Pot isn’t safe for the young
As the Trudeau government works overtime to legalize recreational marijuana in Canada by the summer of 2018, there’s a huge job to be done outside Parliament.
Health officials, educators, parents and the government must somehow persuade young Canadians to swear off a drug that will suddenly be legal for adults all around them to use for fun and relaxation.
This won’t be easy, especially when teens see Mom and Dad light up a reefer and are told: “Do as we say, not as we do.” But the stakes for our youth couldn’t be higher. New research out of the University of Waterloo highlights both the harm marijuana is doing to the young as well as the high number of Canadian teens already indulging in the drug.
A UW study that tracked 26,475 Ontario and Alberta high school students found the ones who smoked weed were often dazed, confused and more likely to do poorly in school.
By the time the students were smoking marijuana once a month, they were four times more likely to skip class, two to four times less likely to complete homework and half as likely to get good grades compared to before they started using pot.
The study, which has been published in the Journal of School Health, concluded that smoking pot appears damaging to teens, whose brains are still developing.
But while the researchers want to discourage young people from smoking marijuana, other findings from UW experts suggest this will be an uphill battle when the drug is legal and more visible.
Even before legalization, two per cent of Canadian students in grades 7 to 12 — more than 43,000 young people — are smoking marijuana daily. Among Grade 12 students, daily use jumps to five per cent.
These findings support earlier research that says Canadian teens are more than twice as likely as adults to smoke pot and have the highest rate of cannabis use in the developed world.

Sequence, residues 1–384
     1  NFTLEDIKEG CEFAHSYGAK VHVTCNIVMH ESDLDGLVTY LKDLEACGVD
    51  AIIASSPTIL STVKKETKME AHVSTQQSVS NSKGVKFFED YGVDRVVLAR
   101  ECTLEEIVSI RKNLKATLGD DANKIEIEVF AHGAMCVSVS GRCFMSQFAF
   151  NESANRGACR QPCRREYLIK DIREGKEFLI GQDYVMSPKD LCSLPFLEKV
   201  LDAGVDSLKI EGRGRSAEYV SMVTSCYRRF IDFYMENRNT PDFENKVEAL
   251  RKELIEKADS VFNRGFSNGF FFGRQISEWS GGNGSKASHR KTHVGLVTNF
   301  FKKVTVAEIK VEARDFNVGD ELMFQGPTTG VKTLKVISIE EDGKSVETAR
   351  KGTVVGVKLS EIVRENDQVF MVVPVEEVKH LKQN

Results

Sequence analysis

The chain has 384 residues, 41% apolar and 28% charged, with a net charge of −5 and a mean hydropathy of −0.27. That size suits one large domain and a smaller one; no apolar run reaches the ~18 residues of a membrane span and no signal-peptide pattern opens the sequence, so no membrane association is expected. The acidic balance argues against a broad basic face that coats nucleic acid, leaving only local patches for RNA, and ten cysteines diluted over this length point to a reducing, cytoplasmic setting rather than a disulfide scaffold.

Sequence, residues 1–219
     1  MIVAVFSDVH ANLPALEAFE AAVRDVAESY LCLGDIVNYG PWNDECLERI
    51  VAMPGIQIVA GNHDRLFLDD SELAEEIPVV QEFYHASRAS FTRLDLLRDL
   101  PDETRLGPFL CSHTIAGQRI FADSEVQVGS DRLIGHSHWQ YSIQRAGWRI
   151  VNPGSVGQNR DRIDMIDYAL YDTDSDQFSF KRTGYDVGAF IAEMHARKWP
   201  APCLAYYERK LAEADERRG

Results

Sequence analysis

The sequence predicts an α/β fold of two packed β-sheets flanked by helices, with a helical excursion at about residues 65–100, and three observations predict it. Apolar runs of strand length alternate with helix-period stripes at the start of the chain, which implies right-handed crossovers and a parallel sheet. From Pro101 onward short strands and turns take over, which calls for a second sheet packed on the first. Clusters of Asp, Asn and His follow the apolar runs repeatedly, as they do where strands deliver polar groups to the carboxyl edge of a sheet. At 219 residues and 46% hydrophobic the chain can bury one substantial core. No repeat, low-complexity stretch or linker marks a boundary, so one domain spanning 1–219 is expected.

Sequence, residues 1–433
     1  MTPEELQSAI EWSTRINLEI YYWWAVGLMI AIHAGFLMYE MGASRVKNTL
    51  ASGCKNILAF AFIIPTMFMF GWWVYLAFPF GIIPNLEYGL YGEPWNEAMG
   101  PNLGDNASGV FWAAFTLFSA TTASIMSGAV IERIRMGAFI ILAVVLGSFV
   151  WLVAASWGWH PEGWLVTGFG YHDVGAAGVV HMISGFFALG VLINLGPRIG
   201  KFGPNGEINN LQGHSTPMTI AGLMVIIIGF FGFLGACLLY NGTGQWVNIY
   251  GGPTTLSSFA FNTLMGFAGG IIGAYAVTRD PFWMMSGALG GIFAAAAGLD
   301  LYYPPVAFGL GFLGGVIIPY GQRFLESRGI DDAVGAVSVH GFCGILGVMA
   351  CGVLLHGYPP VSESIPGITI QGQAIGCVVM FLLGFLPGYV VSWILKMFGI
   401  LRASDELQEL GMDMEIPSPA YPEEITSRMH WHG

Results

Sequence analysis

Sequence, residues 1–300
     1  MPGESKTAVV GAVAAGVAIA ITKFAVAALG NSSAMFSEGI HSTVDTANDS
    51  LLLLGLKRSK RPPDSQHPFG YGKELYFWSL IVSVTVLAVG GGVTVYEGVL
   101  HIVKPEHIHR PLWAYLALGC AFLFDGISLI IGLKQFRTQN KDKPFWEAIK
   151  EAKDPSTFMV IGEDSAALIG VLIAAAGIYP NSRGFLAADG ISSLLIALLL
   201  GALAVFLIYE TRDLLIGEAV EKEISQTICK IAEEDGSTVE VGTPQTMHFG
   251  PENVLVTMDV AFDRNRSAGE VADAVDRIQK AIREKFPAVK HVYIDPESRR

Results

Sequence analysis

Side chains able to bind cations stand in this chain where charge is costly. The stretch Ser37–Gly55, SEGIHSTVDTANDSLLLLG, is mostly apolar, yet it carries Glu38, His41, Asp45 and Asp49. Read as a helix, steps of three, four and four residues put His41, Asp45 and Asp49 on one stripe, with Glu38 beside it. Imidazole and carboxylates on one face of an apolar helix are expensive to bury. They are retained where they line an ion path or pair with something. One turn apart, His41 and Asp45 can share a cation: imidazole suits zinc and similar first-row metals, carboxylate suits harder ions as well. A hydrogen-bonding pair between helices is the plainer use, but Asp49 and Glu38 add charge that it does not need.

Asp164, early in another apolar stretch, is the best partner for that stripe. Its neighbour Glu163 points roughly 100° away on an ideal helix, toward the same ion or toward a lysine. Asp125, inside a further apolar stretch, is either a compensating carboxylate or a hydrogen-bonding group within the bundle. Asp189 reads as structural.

The UW research also reiterates the findings of other studies which conclude young people who smoke marijuana are more prone to learning problems, overstimulated brains, a permanent reduction in intelligence and severe mental health problems later in life.
As alarming as it may be, none of this evidence should be seen as an argument against legalization.
The war on marijuana has been a failure, wasting police and court resources while criminalizing the use of a drug that, for adults at least, causes less harm than alcohol.
But young people require special attention and it’s telling that one of Prime Minister Justin Trudeau’s reasons for legalizing recreational pot is to do a better job keeping it out of young hands.
Ottawa must make good on this pledge and lead a concerted initiative to convince youth to delay smoking marijuana or never use it at all.
Smoking up and driving must become as taboo as drinking and driving.
And the scientific evidence for not smoking in your teens or even early 20s must be conveyed with calm reason.
Honest education, not simplistic fear-mongering, is the best way forward in our brave new world of legal pot. John Roe